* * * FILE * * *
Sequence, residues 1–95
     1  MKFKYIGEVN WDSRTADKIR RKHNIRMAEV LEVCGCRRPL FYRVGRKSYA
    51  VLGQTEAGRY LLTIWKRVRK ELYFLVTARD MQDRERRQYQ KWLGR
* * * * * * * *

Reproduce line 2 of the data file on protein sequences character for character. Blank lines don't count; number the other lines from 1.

     1  MKFKYIGEVN WDSRTADKIR RKHNIRMAEV LEVCGCRRPL FYRVGRKSYA